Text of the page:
How to Improve your Health and Health Care

Most people get lost in the maze of health care, and suffer as a result. Some strategies help…

Throughout Central Asia, the Middle East, and much of the developing world, people have told me that they cannot get good medical care. In some cases good care is too expensive, in other cases medical care is affordable but poor quality, and in still other cases medical care, good or bad, does not exist. Some friends with significant health care problems labor in austere conditions never knowing when a medical emergency will strike, and if they will be able to get help when and where they need.

Some people have similar problems in the developed world, even including the United States. America has been swept by debates about health care, especially about how to make quality health care available to all Americans. Medicare is a government single payer program for the elderly and Medicaid is the same for the poor, but these programs pay providers too little and yet are unsustainably expensive for the nation. The Affordable Care Act (ACA) was the most recent Federal attempt to improve Americans’ health, but the results have been mixed. Fundamentally the ACA was health insurance reform, not health care reform, and providing someone with an insurance card is not the same as providing them with health care. Hence we have millions who lost their insurance, millions who got new insurance, and millions waving their new insurance cards in the air who cannot get care because it doesn’t exist in their area, wait times are too long, or the system pays so little that providers cannot afford to take these patients.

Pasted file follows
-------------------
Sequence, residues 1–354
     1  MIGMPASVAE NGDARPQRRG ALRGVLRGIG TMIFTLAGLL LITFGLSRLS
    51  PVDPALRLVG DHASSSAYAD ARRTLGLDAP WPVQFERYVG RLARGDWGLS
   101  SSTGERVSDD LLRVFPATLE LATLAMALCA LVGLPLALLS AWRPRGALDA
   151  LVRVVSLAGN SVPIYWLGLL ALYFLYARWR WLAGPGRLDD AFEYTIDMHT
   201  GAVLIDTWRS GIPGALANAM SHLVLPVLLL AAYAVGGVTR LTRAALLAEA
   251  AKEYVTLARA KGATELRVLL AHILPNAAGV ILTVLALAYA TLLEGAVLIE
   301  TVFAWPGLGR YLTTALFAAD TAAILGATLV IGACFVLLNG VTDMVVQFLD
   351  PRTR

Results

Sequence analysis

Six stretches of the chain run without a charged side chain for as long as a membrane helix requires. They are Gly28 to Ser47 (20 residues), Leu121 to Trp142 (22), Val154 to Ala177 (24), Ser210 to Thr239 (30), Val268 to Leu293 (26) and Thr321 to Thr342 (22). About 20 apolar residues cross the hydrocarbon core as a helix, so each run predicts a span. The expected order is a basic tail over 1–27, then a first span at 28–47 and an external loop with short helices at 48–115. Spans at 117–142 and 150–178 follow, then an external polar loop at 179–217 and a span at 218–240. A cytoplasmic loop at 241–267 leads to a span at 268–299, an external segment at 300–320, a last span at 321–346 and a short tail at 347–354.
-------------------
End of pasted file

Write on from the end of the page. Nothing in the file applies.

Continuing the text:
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Healing the Health Care Cost Conundrum

A prescription for making US health care better quality, more accessible, and less expensive for all of us. 

The military health care system is different in many ways from the civilian system, but a primary difference is the income incentive. Simply put, health care providers and other medical professionals are not paid based on the number of patients that they see or the number of procedures that they do. Instead they receive a fixed salary with few if any bonuses for productivity or quality. The budgets for military health care institutions, and many others in the Federal government, are based on Congressional appropriations, not on productivity. This has been changing in the past decade but remains largely true today.

Civilian medicine is not so. They are paid for what they did, patients seen and procedures done, and everyone on staff is usually highly motivated to do more. Some have described such fee-for-service reimbursement arrangements as “you eat what you kill.” In some practices, that can equate to more visits and more procedures, even if some are not medically required.

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